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In case you haven’t yet read them yet, do yourself a favor and take a few minutes to read the statements issued yesterday by UNC Law School Dean Jack Boger and Professor Gene Nichol in response to the the recommendation of a special committee of the UNC Board of Governors to close the UNC Center on Poverty, Work and Opportunity. Here is an excerpt from Boger’s statement:

Jack Boger“The BOG special committee rests its recommendation on no genuine reason beyond a barely concealed desire to stifle the outspokenness of the center’s director, Professor Gene Nichol, who continues to talk about the state’s appalling poverty with unsparing candor. The committee’s original charge was to cut funds to centers that spent too much and to redirect their state aid toward other projects. On that basis, targeting the Poverty Center makes no sense at all. The center hasn’t taken state tax dollars since 2009, and its modest staff — a few earnest post-JD law graduates and an army of dedicated student volunteers — are housed in three small rooms nestled in an off-campus building and paid through private sources.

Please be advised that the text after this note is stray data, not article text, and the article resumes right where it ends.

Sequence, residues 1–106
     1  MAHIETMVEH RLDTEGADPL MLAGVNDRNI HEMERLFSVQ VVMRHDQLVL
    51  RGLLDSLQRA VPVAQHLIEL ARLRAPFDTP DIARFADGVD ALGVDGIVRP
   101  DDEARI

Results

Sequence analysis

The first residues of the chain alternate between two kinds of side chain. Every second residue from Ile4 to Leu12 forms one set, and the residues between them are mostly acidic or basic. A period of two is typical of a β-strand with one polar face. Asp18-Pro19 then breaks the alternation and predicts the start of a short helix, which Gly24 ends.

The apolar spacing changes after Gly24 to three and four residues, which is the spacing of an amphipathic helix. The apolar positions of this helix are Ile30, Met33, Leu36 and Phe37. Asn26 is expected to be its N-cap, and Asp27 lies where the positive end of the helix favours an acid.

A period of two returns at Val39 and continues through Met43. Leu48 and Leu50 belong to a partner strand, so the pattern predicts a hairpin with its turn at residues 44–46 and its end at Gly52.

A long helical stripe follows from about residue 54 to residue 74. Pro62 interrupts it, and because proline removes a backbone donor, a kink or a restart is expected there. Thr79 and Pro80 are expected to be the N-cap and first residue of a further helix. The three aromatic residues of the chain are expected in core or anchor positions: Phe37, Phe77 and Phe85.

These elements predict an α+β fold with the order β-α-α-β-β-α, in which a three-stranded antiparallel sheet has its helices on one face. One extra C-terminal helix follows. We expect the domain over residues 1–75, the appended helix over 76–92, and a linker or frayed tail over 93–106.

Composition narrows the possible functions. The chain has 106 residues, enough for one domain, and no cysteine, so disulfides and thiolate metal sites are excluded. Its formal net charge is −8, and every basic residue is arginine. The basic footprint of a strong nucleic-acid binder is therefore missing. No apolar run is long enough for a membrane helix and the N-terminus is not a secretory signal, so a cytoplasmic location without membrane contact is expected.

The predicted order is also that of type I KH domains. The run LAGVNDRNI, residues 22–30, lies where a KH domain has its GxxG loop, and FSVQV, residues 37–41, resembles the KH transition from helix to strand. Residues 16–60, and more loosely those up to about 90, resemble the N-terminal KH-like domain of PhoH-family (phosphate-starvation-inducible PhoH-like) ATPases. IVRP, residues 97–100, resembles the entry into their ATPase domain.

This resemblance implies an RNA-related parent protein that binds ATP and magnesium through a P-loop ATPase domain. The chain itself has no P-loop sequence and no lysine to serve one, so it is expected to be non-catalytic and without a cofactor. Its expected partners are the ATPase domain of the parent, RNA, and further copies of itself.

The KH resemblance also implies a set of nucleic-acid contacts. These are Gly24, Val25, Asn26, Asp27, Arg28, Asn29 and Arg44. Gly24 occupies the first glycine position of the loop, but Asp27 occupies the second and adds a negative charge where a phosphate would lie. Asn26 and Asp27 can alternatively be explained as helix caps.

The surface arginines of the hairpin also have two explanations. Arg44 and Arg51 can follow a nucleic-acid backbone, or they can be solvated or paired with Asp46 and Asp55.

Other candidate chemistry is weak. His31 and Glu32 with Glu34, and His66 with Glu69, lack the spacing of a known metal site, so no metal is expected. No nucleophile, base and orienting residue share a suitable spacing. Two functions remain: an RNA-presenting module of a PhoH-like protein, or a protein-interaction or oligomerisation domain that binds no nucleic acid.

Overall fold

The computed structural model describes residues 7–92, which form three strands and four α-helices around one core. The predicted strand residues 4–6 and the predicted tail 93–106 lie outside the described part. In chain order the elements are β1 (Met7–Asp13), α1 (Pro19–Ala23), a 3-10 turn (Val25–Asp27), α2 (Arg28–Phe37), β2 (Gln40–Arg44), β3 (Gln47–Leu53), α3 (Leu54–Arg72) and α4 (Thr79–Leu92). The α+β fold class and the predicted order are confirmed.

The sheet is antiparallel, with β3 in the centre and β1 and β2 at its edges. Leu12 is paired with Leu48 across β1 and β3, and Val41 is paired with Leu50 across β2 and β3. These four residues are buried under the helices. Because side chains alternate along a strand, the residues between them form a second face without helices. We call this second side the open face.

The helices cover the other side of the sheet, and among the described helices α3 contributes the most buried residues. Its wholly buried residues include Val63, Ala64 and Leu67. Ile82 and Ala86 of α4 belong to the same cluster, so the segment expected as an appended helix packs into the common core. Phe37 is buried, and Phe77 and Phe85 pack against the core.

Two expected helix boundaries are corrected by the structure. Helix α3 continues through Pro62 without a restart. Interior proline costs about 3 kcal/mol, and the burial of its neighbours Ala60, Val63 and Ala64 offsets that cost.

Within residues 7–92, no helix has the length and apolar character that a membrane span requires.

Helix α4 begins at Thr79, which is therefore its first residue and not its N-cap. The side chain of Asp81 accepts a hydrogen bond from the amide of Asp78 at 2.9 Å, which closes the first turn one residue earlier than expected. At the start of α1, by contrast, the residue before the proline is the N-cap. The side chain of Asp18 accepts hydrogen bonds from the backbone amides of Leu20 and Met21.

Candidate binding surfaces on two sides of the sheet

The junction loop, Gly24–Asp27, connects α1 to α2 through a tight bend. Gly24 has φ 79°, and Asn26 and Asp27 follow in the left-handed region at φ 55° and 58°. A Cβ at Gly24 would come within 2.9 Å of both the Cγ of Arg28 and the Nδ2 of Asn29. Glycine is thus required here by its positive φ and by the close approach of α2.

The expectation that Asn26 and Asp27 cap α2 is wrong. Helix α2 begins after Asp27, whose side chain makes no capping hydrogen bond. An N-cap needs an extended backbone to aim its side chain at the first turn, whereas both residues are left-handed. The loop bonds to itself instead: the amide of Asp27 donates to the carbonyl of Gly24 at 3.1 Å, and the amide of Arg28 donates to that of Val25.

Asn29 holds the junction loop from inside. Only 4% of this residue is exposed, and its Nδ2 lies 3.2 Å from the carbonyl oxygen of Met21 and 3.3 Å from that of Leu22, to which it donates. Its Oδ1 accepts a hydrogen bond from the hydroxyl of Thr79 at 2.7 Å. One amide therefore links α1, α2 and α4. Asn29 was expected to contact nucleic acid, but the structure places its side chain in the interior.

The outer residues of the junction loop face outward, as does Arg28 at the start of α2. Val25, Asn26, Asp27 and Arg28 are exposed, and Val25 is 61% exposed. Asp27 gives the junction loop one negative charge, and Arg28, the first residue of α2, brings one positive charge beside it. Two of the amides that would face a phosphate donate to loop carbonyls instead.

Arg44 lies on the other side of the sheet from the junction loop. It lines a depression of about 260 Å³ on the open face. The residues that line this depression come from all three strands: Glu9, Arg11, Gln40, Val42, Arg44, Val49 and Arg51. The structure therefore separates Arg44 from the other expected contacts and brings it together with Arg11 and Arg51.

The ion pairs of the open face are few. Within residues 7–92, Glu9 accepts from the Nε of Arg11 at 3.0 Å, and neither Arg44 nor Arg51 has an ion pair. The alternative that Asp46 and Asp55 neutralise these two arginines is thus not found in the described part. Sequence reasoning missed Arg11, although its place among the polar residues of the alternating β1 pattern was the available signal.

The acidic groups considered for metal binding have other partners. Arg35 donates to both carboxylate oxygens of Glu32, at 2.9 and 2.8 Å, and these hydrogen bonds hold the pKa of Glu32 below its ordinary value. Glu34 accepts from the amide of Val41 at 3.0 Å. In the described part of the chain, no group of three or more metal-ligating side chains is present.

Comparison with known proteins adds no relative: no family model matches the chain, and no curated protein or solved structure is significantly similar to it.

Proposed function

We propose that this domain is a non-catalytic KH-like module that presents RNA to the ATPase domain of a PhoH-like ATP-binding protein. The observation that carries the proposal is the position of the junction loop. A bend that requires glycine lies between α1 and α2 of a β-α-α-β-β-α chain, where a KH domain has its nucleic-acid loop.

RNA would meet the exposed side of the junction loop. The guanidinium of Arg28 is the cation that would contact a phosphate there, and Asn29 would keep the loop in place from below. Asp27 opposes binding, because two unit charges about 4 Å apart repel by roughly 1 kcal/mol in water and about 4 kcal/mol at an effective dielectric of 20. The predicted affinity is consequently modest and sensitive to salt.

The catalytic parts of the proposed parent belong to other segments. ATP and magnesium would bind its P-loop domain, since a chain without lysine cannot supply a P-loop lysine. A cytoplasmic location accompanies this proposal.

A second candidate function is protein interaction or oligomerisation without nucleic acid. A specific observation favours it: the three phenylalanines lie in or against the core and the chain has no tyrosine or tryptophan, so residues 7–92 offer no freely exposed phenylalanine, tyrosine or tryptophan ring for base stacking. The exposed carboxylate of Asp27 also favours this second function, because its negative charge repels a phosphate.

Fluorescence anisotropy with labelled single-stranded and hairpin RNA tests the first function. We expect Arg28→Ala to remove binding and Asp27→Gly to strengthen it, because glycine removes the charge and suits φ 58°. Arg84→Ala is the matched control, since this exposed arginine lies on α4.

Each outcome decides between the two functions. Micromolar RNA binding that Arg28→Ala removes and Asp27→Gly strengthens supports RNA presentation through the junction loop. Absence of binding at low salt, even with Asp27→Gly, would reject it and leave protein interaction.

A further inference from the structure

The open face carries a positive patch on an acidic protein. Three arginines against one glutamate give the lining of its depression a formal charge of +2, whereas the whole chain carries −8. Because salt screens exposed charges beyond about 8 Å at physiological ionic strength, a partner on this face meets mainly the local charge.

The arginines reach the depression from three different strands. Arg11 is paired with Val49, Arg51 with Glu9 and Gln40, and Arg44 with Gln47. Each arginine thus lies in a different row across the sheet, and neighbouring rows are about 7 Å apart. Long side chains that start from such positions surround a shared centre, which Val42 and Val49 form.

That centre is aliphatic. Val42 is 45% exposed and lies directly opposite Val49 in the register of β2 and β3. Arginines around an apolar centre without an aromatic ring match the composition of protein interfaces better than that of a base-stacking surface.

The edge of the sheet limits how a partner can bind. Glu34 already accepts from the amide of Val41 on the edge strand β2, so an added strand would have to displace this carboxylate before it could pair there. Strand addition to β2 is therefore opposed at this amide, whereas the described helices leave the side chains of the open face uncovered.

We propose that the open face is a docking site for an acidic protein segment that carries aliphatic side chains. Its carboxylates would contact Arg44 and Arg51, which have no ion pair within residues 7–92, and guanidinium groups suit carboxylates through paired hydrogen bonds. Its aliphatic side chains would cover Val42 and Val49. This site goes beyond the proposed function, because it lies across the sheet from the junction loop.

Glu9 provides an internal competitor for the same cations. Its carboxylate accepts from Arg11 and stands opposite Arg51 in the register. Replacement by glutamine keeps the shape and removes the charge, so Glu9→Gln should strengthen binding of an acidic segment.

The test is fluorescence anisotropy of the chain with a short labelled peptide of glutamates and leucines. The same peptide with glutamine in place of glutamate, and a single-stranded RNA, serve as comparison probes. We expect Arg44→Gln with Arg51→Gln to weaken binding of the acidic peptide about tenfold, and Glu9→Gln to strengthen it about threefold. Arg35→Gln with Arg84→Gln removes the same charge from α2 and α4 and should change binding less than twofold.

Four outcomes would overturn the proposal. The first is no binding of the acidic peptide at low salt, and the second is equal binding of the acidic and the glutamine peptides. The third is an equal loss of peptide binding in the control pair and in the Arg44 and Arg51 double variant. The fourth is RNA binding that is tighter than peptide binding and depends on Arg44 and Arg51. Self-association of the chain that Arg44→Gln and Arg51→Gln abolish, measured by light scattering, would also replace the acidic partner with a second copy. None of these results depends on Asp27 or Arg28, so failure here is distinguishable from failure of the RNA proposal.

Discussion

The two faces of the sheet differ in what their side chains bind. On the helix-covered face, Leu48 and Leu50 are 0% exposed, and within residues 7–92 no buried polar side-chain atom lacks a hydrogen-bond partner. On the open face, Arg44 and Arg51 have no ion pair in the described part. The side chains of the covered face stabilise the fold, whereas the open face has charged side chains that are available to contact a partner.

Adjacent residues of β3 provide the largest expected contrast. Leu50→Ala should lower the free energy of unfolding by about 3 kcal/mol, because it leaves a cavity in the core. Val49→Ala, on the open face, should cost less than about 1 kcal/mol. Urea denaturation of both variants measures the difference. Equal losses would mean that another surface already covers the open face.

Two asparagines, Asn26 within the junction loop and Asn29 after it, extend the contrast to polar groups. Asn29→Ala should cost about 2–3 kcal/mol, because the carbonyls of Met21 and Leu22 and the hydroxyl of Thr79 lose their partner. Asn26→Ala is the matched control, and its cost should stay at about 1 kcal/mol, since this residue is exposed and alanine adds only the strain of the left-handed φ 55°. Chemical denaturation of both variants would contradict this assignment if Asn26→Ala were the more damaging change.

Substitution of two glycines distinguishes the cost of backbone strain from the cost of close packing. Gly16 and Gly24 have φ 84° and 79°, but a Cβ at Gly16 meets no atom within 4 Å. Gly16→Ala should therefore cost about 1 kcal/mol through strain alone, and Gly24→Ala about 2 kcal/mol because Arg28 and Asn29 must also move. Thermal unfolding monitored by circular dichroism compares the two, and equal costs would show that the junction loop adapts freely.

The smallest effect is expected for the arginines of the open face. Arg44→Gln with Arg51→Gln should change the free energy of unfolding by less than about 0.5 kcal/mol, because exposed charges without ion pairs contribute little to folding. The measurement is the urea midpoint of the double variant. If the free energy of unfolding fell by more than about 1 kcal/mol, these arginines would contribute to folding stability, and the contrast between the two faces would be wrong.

In prior decades, the University of North Carolina won the hearts and the gratitude of the state’s people by combating the scourges of peonage and child labor, of woefully inadequate medical care and appallingly bad public education. These earlier faculty-led initiatives drew fierce opposition from those who managed to benefit from others’ poverty and oppression. Yet the University pressed ahead, fulfilling what Dr. Frank Graham once celebrated as ‘a tradition of our people': that in Chapel Hill they would find ‘a place where there is always a breath of freedom in the air . . . and where finally truth shining like a star bids us advance and we will not turn aside.”

The Special BOG committee would constrict that breath of freedom. It would order the Poverty Center to turn aside from investigating conditions of human misery in our state that cry out for greater attention, not less.’

And this is from Nichol’s inspiring response:

Gene Nichol“Poverty is North Carolina’s greatest challenge. In one of the most economically vibrant states of the richest nation on earth, eighteen percent of us live in wrenching poverty. Twenty-five percent of our kids. Forty percent of our children of color. We have one of the country’s fastest rising poverty rates. A decade ago, North Carolina had the 26th highest rate among the states. Now we’re 9th, speeding past the competition. Greensboro is America’s second hungriest city. Asheville’s ninth. Charlotte has the nation’s worst economic mobility. Over the last decade, North Carolina experienced the country’s steepest rise in concentrated poverty. Poverty, amidst plenty, stains the life of this commonwealth. Even if our leaders never discuss it…. Read More